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View Full Version : how to teach a scared or bad horse to cross tie?



irishequestrian29
Apr. 28, 2010, 09:31 PM
hey all i didnt know where to post this, so im doin it in here because you have all given good advice before. So im half leasing a 4yr old 16.2h tb gelding. who has really bad ground manners. I purchased a control halter for him and he has been responsive to that while leading him around. Now the problem is when we go in the barn. If he's in a stall he stall walks and wont stand still to tack him up or groom him. And he hates! the cross ties. a couple weeks ago i tried to put him on the cross ties to see what hed do and he freaked out, was kicking, rearing, he actually at one point sat down on his butt and was pulling against the ties. i was afraid he was going to flip over, so he stood for like a second and i undid him. yesterday i tried to work with him on it, now it was a lil better i brought him in the barn and had a shank on him, i had to shank him a few times and yell at him, but he had a few good moments where he put his head down and let me rub him, but he kept trying to inch out of the barn. I dont want to have to shank him so much because honestly i just think its making him irritated and nervous rather than fixing the issue. so my question to all of you is what can i do to make him understand and actually get what im trying to get him to do? without having to shank the hell out of his face. hes an awesome horse undersaddle so i want him to be the same on the ground. cause i like him a lot and want to be able to enjoy him and spend quality time grooming him and all. thank you!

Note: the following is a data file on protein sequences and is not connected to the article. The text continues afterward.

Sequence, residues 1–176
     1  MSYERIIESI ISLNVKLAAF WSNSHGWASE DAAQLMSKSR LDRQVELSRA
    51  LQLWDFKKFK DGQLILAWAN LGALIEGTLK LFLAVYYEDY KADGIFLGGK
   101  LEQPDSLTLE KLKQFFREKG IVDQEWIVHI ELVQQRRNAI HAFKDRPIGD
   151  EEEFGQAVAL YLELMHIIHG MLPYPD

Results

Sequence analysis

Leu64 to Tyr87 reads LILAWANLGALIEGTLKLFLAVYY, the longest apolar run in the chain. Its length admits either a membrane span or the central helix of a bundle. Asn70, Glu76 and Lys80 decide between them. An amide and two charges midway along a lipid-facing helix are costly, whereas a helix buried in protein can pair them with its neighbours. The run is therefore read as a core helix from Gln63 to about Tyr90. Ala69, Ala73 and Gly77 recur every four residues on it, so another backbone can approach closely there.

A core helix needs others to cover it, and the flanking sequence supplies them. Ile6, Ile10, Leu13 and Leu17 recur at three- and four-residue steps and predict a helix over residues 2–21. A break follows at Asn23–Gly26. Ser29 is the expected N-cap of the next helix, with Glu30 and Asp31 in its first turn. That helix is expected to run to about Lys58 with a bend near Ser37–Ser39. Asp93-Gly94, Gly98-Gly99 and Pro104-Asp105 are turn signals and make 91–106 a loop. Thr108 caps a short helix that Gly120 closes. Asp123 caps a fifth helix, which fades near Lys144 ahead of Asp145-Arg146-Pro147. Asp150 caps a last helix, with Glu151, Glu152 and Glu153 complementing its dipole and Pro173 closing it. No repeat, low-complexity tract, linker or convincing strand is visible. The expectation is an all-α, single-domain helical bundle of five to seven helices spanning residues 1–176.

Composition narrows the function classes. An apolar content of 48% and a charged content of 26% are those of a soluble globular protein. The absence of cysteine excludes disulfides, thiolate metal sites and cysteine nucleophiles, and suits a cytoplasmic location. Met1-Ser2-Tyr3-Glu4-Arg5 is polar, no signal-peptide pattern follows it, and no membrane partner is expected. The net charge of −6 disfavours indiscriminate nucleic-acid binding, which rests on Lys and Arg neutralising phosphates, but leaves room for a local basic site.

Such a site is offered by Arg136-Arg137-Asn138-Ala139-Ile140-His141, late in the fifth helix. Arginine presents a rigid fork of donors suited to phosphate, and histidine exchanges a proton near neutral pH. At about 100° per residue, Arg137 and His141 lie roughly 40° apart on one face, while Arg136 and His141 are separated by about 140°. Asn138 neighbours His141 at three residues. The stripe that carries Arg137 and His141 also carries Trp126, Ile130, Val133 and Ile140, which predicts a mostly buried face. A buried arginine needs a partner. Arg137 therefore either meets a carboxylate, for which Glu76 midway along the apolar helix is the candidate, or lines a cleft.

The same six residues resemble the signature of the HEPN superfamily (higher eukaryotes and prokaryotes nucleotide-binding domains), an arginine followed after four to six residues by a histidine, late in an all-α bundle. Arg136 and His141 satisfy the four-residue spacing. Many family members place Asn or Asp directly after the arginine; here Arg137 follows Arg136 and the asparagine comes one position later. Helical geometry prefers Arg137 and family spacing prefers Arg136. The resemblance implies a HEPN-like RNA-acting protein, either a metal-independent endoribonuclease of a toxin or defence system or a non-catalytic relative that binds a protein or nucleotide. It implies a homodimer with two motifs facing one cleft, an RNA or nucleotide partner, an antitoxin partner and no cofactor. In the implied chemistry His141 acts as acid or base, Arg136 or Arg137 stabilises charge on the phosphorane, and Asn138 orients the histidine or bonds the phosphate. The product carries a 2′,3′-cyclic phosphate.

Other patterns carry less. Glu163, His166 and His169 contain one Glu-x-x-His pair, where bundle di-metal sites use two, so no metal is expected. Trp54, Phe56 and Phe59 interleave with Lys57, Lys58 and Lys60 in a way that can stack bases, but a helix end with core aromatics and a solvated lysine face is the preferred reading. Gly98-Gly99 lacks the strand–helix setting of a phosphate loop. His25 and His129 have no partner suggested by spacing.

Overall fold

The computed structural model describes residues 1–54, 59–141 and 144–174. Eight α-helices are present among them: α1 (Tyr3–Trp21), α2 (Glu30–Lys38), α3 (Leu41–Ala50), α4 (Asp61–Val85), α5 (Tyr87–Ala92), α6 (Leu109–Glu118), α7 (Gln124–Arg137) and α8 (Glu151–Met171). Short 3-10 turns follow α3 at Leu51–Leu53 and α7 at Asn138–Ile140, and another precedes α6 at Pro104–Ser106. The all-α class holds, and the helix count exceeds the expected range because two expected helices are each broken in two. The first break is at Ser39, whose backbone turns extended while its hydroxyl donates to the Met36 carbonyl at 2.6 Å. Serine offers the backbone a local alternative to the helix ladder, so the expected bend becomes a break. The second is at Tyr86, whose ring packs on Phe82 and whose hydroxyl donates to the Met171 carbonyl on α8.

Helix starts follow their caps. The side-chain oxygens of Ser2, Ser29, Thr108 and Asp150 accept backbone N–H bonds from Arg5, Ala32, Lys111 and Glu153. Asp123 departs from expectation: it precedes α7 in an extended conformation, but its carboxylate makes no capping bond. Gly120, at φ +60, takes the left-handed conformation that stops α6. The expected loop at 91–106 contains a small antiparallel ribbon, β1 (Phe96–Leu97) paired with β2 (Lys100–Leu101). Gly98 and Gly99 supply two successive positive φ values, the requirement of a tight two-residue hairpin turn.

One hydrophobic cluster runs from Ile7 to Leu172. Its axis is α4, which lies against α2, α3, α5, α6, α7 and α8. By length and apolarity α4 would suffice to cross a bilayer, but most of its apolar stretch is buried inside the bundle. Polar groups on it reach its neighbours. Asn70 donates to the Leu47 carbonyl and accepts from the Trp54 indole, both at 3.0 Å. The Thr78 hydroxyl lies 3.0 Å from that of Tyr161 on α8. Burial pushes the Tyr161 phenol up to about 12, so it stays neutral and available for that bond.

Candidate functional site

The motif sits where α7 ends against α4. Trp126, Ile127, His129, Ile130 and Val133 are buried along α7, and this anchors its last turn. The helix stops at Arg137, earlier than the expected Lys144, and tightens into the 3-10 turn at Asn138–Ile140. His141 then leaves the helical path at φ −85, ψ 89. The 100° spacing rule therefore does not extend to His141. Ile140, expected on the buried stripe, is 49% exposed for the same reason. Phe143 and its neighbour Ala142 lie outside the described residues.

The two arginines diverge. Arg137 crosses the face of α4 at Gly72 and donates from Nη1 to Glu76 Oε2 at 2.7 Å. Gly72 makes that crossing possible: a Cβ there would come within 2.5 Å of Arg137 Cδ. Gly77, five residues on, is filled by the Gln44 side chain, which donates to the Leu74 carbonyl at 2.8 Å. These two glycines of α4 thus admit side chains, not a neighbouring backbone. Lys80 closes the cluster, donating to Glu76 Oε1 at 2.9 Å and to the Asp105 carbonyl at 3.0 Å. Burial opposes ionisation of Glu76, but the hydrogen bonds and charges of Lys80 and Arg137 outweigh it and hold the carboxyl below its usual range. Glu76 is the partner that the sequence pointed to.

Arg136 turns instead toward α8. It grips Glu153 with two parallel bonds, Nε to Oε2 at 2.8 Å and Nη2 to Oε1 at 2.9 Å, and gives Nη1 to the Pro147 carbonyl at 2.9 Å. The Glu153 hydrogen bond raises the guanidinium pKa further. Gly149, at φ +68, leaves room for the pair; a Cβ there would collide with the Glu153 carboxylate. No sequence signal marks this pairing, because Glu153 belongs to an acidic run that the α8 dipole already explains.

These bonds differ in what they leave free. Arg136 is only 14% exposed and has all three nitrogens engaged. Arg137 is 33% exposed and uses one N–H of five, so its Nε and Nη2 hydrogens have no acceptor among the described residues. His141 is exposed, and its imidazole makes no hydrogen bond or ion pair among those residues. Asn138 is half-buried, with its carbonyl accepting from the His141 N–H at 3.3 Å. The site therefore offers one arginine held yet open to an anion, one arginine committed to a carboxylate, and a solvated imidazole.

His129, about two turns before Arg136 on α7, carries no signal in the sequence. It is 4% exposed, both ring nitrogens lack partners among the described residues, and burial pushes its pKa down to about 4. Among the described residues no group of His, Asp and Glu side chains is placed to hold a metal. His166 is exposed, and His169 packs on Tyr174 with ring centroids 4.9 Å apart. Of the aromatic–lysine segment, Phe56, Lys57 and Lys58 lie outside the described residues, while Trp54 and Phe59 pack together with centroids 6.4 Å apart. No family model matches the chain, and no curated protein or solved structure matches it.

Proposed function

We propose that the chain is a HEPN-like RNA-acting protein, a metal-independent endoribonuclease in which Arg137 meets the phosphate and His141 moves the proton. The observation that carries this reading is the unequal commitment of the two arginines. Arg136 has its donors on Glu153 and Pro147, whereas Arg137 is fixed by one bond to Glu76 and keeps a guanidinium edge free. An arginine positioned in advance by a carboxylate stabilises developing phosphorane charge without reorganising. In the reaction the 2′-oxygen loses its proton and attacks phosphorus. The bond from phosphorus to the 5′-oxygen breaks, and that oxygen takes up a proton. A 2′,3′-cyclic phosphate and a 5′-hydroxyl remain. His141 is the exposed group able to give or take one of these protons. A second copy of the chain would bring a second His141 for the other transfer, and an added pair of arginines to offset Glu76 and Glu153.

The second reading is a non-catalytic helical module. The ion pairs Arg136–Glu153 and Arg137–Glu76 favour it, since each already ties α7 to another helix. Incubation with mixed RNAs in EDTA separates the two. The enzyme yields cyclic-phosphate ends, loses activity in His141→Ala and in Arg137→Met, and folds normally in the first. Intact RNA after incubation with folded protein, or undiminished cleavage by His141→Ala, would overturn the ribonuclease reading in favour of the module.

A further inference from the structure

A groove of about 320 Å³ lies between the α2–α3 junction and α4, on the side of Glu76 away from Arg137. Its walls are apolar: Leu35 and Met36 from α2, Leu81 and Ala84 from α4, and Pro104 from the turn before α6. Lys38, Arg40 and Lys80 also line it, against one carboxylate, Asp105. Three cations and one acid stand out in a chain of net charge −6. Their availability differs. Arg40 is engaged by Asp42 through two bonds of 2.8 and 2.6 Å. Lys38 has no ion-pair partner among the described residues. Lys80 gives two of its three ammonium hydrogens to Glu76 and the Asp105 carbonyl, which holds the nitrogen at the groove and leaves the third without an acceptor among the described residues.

norcalammie
Apr. 28, 2010, 09:37 PM
Can you put cross ties in his stall to begin with? Then if he backs up he will hit a wall. There was a horse at the barn who pulled back and flipped over. They started him back with cross ties in his stall until he got used to them again. Then gradually got him into other cross tie areas - at first with a solid wall behind him as he usually backed up and then freaked when he got to the end of the cross ties and would flip over. With the wall behind him, he would hit the wall and go forward again. Took some time but seemed to work with him.

HiddenAcres
Apr. 28, 2010, 10:00 PM
Is this horse off the track? My understanding is that most race horses are not cross tied - they're straight tied - so he's going to be very confused. He's not being bad - he's scared. Take your energy level down a whole lot, and his will come down too.

I learned this from watching a very wise, good groom at a h/j barn when TBs were still in fashion at BNTs. First, if possible, cross tie in an enclosed area - grooming stall, stall, whatever. This way he feels less inclined to do the sit down thing.(If open space is all that's available, this still works) Second, connect the cross ties to each other. Third, lead horsey up to cross ties, put lead rope loose over the ties in the center where you want him to stand. Now start petting, feeding treats, baby talk, grooming. When he freaks out and tries to get loose, no big deal. He can safely run backwards, you go with him, not yanking, but "whoa" ing and he'll calm down, lead back up and
repeat. Eventually, they get it that it's not a big deal and they're safe. He's four, he may be playing games, testing, but it still works given enough time.

Since they're "not really" tied, make sure you have all your tack/gear ready before you start.

Fourth, you "quick release tie" the lead to the cross ties, eventully tieing horse to cross ties, problem solved.

Don't get into a fight with a young TB about this or you'll end up taking it to the saddle. Ground manners for race horses are different than ground manners for riding horses - just watch Zenyatta in her post parades:). And all TBs think they're race horses. Be patient and he'll be fine. Do make sure whatever you decide to do that you and the other leasor/owner handle him with the same "rules". Consistency really helps.

For the stall walking, just sounds like he's full of rocket fuel - more turnout, work, and a good neighbor horse.

Don't get discouraged and don't get mad. He's trying to learn "human".

HenryisBlaisin'
Apr. 28, 2010, 10:10 PM